In order to really connect with the people who live, work and play in our City we are looking at how we can be proactive in going out into the community to listen to what people have to say.

One of our initiatives is our Community Yarns – a trial of up to four meetings a year where Council officers and Aldermen visit different areas of the municipality to meet with people to find out the priorities for their local areas.

The Community Yarns have used different engagement methods such as World Café style approach and card storming to allow people to work collaboratively to develop a shared vision. The Yarns have proven to be very valuable for both Council representatives and community members who have reported back that they have enjoyed the opportunity to voice their own views as well as listen to other people’s perspectives.

At a recent new skatepark engagement, skating enthusiasts had the chance to come together as a group to talk to a consultant about what they would like their park to look like and work in groups to build playdough creations of their ideal skate park. For many reasons the proposed skatepark had encountered several issues that had left skaters feeling disillusioned. By creating a space for the right stakeholders to come together in a fun environment the group came away with a renewed sense of enthusiasm for the project.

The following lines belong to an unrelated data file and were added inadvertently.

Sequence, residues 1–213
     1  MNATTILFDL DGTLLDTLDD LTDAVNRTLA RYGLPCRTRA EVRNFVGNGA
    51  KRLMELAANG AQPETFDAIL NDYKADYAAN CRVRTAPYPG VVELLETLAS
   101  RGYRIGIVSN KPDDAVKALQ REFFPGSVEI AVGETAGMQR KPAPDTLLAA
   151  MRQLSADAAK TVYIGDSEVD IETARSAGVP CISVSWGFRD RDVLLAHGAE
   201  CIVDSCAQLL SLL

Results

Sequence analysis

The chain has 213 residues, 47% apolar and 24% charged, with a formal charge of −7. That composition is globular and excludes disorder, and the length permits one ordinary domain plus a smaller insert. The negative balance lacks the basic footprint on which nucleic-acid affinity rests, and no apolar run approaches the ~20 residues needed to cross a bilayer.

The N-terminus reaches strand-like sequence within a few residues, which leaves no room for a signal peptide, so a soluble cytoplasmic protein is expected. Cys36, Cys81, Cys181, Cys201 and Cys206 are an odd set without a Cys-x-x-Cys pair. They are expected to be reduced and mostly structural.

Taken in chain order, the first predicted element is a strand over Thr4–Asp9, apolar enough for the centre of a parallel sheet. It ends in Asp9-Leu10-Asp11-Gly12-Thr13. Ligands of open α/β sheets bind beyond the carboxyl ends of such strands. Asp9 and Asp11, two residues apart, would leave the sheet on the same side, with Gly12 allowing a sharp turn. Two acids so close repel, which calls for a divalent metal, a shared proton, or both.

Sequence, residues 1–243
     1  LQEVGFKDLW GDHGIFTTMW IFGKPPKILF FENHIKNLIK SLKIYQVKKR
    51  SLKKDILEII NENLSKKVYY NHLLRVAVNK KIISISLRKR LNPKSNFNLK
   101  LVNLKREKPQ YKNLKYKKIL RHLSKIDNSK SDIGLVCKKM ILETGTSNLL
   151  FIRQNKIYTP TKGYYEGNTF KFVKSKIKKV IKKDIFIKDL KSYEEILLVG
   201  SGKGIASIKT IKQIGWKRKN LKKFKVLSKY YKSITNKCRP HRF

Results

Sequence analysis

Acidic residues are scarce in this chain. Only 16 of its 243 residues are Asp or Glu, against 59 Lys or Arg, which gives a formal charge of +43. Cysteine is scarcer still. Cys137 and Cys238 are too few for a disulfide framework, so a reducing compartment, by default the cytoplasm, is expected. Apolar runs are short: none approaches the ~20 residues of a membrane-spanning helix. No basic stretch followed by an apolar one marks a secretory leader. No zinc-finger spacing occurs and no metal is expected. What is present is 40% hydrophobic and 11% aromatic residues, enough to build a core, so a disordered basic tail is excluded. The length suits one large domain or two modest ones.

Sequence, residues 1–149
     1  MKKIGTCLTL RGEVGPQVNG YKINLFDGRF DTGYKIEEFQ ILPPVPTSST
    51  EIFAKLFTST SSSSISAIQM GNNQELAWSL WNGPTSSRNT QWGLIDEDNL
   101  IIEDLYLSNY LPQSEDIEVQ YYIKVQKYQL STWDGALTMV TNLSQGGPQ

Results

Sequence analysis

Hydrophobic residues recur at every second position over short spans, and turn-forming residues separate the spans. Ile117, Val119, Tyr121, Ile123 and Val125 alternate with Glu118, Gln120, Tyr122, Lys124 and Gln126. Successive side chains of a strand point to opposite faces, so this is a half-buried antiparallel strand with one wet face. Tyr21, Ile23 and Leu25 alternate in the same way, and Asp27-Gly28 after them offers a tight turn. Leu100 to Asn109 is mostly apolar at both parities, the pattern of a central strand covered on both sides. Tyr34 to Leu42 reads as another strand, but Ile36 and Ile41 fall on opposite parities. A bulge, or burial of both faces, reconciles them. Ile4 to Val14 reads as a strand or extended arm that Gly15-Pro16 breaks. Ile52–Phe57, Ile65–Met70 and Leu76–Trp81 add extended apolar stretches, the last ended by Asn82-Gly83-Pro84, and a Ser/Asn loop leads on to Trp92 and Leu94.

Last month, Council was engaging on multiple strategy documents. As well as online options, Council officers ran pop up sessions at our local library, visited neighbourhood houses and child and family centres and attended different project group meetings to gain feedback. Hard copies of documents and simple feedback forms were also left wherever we visited.